Ultimately, I feel like Get Off My Land is targeted at a very specific audience. It shines with people who like to go after each other, who can make the jokes and scream, “Get off my land” in a twangy voice while gleefully ripping down their opponent’s fences and laughing as cows trample crops.
Families or groups looking for a take-that game with a little area control mixed in, and where the decisions aren’t difficult might enjoy this one. If you’re okay with randomness and a tactical game that forces you to make short-term plans based on what comes up in the draw and what other people do to you rather than serious long-term strategy, it might work for you.
It’s a little too long for a filler, though, so you need to be prepared to play it like a full game. This puts it in an odd place. It’s too silly and shallow to feel like a “main game,” but it feels too long for a filler. And despite the increased fun if you play it for laughs, it’s definitely not a party game.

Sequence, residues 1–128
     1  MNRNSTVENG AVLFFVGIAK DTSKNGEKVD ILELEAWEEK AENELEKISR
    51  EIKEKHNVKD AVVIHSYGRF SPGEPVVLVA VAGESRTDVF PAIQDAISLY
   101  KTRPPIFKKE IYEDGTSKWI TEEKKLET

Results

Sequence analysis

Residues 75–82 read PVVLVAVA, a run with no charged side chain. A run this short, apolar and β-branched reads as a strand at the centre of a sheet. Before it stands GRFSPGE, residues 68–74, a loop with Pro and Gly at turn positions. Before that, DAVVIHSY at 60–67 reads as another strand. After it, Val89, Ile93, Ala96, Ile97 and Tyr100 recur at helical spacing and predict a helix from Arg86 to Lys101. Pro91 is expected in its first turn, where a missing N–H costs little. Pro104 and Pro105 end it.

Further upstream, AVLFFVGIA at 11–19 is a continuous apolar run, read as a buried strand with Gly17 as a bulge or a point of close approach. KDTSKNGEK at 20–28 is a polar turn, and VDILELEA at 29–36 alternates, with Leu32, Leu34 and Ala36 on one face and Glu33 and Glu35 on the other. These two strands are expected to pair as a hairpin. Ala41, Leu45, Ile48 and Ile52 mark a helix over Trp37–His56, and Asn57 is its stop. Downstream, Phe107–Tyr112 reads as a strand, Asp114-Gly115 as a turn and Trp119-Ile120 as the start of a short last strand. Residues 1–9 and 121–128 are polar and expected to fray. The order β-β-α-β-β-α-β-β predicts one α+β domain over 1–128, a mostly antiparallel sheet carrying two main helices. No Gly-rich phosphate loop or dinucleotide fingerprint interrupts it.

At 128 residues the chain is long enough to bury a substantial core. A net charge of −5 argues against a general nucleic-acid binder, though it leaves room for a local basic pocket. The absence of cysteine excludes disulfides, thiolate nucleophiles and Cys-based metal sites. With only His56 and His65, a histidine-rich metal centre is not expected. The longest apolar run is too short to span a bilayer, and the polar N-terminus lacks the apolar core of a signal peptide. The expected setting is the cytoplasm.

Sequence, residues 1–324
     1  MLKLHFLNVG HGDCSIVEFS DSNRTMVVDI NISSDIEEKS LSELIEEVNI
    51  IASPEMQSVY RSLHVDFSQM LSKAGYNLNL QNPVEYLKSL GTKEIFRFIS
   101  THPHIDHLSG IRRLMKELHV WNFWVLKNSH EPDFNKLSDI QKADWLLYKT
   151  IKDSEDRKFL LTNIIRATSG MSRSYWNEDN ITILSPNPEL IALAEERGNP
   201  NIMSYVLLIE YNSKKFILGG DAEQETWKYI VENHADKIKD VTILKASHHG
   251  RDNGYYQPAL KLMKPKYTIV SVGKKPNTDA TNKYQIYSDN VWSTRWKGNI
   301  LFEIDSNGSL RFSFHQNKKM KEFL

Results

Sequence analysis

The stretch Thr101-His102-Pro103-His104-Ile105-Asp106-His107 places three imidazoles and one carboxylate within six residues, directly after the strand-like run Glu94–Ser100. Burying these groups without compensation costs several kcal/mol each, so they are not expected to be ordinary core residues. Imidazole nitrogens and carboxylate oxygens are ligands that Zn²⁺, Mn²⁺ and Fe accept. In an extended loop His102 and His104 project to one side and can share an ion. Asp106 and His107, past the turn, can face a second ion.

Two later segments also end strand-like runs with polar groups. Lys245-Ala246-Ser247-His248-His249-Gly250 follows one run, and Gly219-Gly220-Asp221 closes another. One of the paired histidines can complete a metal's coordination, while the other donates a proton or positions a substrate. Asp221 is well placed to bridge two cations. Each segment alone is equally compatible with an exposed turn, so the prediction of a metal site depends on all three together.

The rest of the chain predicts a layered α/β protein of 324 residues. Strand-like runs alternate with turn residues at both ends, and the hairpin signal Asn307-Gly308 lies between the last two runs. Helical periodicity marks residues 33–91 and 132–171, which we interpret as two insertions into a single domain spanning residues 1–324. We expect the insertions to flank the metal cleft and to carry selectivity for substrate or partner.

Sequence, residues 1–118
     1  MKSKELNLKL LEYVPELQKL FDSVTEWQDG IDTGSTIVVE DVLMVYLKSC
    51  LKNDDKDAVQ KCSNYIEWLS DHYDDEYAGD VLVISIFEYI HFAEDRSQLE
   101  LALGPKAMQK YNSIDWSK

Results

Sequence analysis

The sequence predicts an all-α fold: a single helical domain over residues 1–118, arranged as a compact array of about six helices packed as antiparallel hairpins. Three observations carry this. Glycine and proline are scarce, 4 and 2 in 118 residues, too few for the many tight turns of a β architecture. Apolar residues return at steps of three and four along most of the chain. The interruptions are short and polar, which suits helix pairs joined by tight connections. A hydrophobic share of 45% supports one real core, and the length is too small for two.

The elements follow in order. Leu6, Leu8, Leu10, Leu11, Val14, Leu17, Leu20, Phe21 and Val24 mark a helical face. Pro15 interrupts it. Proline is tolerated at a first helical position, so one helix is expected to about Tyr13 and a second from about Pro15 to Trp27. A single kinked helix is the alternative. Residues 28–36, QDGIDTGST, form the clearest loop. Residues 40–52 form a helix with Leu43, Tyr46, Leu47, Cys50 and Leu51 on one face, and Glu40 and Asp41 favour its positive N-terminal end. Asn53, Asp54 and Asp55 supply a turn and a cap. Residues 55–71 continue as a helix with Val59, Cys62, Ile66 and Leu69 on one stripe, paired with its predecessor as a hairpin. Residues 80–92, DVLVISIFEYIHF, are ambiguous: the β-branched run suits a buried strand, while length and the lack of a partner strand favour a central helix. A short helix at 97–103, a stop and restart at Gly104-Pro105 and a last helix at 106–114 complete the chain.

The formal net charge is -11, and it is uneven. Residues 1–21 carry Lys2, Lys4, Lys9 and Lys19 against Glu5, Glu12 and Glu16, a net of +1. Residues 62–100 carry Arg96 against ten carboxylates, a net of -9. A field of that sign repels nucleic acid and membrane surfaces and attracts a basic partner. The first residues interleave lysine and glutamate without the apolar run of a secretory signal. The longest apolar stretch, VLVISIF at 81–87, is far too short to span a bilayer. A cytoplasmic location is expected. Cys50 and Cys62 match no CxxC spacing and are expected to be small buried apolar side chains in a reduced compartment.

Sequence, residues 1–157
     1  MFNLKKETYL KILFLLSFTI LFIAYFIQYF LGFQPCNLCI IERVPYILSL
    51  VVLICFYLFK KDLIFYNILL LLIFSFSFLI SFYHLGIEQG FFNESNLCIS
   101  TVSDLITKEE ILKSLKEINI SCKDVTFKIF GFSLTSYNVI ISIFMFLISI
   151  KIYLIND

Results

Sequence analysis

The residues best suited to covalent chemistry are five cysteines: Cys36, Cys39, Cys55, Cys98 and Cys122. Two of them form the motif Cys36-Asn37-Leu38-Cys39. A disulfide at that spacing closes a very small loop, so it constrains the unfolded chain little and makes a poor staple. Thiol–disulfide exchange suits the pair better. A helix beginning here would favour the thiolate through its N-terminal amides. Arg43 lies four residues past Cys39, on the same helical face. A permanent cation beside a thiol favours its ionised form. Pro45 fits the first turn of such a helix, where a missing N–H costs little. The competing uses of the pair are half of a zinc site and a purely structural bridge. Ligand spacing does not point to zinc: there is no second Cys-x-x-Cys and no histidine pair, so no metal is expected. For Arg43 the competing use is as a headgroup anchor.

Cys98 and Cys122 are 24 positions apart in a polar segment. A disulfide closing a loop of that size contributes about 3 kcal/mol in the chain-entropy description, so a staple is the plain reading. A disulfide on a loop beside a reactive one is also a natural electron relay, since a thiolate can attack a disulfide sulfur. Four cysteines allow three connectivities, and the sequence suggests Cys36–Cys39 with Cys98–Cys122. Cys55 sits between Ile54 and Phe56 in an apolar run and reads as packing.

I won’t say that it’s a great gateway game, either, which further limits the audience. The mechanics aren’t difficult to grasp, but most people who’ve never played hobby games are going to find there’s a bit too much going on here to manage without frustration. The fencing rules alone are enough to give a newbie a headache. And that’s part of the problem. It’s not great for newbies, but…
If you’re looking for a serious, strategic area control game that rewards long-term thinking and strategy, look elsewhere. The only real long term planning you’ll do here is to try to maximize your farmhouse objective. And even that won’t always go your way because so little of this game is within your control, particularly with larger groups.
My take is this: If you want a breezy, tactical, random farm feudin’ game to play with semi-experienced gamers who can get into the theme, Get Off My Land might fit the bill. But if you need something for non-gamers, or for hard core strategists, you’d better get on off to another game.
(iSlaytheDragon.com thanks Lion Rampant Imports for giving us a copy of Get Off My Land for review.)